"When you've amassed what you know, it's a great responsibility to pass it on," says Phillips, who's been teaching at Queens College since 1989. "When you teach, you tend to be more clear to yourself because you have to be clear to your students."

Phillips is particularly clear when it comes to advising his students about music. "You should only pursue it in a serious way if you really don't want to do anything [else]," he says. "If you are interested, for instance, in medicine, keep music as your cherished part of life. If you choose music as your career, the work itself needs to consume your interests. It's a hobby, it's your professional career, it even engages you on a physical level, like being an athlete."

CUNY Reaches Out to Mexican Immigrants

From left: Hershenson, Consulate General of Mexico Ruben Beltran Guerrero, community activist Joel Magallan.

Quietly, as if tiptoeing into a new home, Mexicans have been establishing themselves as a presence in New York City.

Today, in a population explosion that has occurred largely off the radar, there are some 290,000

Mexicans living in New York City.

If demographic trends continue Mexicans will surpass Puerto Ricans to become the second largest Latin national group behind Dominicans in 2022, according to the University's Latino Data Project.

The University has distinguished itself among public institutions by reaching out early to the Mexican community.

Four years ago, Senior Vice Chancellor for University Relations and Secretary to the Board of Trustees Jay Hershenson chaired a task force aimed at finding ways to strengthen the educational opportunities for the new immigrants. Since many move to the U.S. as unskilled migrants with little education, Hershenson worried their growing numbers would result in an "educational catastrophe."

In collaboration with the Consulate General of Mexico, the task force created several initiatives.  These include dropout prevention sessions, community leadership programs designed for Baruch College students to assist staff and volunteers in community- based Mexican organizations and CUNY College fairs co-sponsored by prominent community organizations where potential students also learn about financial aid, scholarships and citizenship services.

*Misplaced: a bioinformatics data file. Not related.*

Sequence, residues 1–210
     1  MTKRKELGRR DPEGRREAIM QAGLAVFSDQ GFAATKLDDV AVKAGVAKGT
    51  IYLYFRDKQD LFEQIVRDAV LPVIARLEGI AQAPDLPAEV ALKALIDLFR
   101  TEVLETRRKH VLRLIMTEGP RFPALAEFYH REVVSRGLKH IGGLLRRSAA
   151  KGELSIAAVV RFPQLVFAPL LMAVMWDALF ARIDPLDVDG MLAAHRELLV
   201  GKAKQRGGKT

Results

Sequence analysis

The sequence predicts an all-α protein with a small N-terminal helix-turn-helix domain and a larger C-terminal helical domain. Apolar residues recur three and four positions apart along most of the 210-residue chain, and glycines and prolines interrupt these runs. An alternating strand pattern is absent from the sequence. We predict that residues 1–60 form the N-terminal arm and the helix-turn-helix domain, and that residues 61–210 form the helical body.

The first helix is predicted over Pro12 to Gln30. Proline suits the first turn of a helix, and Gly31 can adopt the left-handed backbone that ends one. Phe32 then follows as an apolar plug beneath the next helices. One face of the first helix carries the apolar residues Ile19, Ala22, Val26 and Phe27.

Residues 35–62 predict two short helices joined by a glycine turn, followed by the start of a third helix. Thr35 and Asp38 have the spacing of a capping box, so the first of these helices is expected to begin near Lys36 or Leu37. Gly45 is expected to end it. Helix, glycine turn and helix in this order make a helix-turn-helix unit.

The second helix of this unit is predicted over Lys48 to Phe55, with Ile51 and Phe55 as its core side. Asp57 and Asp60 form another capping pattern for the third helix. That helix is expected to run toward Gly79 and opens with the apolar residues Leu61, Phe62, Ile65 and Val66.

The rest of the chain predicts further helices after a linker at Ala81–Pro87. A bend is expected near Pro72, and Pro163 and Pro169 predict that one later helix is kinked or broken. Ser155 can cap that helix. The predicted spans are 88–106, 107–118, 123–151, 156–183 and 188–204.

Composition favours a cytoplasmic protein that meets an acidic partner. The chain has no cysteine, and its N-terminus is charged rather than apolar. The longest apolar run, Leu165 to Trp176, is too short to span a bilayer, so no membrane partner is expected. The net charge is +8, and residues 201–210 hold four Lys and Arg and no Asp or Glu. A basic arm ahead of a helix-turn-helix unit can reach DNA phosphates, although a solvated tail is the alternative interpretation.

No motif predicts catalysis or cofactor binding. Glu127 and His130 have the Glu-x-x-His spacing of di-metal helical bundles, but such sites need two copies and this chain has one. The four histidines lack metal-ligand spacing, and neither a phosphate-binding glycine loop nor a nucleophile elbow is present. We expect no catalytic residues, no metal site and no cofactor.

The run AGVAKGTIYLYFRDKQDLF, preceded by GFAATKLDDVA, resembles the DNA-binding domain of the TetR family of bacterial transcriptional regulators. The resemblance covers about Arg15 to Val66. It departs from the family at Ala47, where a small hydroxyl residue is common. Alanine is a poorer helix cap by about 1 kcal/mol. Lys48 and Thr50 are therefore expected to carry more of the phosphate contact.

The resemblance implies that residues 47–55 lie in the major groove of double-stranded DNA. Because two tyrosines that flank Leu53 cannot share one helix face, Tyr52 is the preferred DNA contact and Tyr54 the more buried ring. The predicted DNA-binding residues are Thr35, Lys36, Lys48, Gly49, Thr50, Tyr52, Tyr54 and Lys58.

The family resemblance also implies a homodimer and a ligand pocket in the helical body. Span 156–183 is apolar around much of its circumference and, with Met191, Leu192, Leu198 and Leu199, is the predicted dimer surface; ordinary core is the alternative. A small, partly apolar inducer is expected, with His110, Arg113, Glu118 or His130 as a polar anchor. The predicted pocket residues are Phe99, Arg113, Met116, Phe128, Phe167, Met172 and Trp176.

The University has created a Spanish website with information about the colleges and sent mobile Mexican Consulate units to some campuses. And for large number of immigrants working in the food service industry, the New York City College of Technology is encouraging study of management and business ownership in the hospitality fields.

The Little Company that Could

Park Bench group with leader Michael Lissauer, third from left.

It's not easy to find an internship in the corporate world right now so Haider Mehmood, a business major at Baruch College, feels pretty lucky he landed a spot at the Park Bench Marketing Group.

At Park Bench, he's promoting Helix, a new sport fashion watch made by a subsidiary of Timex. And he didn't have to go to an office building for the experience.

Park Bench is a Baruch-based marketing group created and led by professor Michael Lissauer, former executive vice president of marketing and business strategy for Business Wire. Mehmood's office is a computer workspace in the marketing lab at the college library.

"I'm getting real-world experience," says Mehmood, who along with four other students is designing a low-cost viral marketing and Web campaign that would draw potential customers to the Helix website. "It's a multimillion-dollar corporation and we're learning a lot by working in a corporate environment. I'm making lots of contacts and I'll know which channels to take when I'm ready to promote my own business."

Nine undergraduate and three graduate students make up Park Bench, and they work closely with